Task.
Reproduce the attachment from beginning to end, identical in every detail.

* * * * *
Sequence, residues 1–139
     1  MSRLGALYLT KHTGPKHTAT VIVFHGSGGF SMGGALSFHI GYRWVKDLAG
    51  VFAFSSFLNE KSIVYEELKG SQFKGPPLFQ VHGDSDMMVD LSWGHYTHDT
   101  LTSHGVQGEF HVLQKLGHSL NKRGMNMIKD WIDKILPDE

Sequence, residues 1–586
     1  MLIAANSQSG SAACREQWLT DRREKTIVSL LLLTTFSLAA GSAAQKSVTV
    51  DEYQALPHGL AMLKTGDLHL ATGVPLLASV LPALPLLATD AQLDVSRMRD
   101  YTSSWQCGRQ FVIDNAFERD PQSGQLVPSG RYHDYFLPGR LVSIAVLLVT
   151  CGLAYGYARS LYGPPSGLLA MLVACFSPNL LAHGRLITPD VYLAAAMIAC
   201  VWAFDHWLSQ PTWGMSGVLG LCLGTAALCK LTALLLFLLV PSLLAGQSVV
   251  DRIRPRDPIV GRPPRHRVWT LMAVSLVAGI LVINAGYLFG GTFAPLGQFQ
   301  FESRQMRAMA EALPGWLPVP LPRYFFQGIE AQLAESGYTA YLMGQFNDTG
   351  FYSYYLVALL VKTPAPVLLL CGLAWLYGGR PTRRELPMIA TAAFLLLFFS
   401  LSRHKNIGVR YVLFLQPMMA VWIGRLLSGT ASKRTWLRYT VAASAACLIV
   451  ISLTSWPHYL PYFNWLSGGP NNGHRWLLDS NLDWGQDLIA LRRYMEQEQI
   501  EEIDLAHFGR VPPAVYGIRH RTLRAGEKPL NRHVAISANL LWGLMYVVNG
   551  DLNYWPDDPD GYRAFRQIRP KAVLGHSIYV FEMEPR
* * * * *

Sequence, residues 1–139
     1  MSRLGALYLT KHTGPKHTAT VIVFHGSGGF SMGGALSFHI GYRWVKDLAG
    51  VFAFSSFLNE KSIVYEELKG SQFKGPPLFQ VHGDSDMMVD LSWGHYTHDT
   101  LTSHGVQGEF HVLQKLGHSL NKRGMNMIKD WIDKILPDE

Sequence, residues 1–586
     1  MLIAANSQSG SAACREQWLT DRREKTIVSL LLLTTFSLAA GSAAQKSVTV
    51  DEYQALPHGL AMLKTGDLHL ATGVPLLASV LPALPLLATD AQLDVSRMRD
   101  YTSSWQCGRQ FVIDNAFERD PQSGQLVPSG RYHDYFLPGR LVSIAVLLVT
   151  CGLAYGYARS LYGPPSGLLA MLVACFSPNL LAHGRLITPD VYLAAAMIAC
   201  VWAFDHWLSQ PTWGMSGVLG LCLGTAALCK LTALLLFLLV PSLLAGQSVV
   251  DRIRPRDPIV GRPPRHRVWT LMAVSLVAGI LVINAGYLFG GTFAPLGQFQ
   301  FESRQMRAMA EALPGWLPVP LPRYFFQGIE AQLAESGYTA YLMGQFNDTG
   351  FYSYYLVALL VKTPAPVLLL CGLAWLYGGR PTRRELPMIA TAAFLLLFFS
   401  LSRHKNIGVR YVLFLQPMMA VWIGRLLSGT ASKRTWLRYT VAASAACLIV
   451  ISLTSWPHYL PYFNWLSGGP NNGHRWLLDS NLDWGQDLIA LRRYMEQEQI
   501  EEIDLAHFGR VPPAVYGIRH RTLRAGEKPL NRHVAISANL LWGLMYVVNG
   551  DLNYWPDDPD GYRAFRQIRP KAVLGHSIYV FEMEPR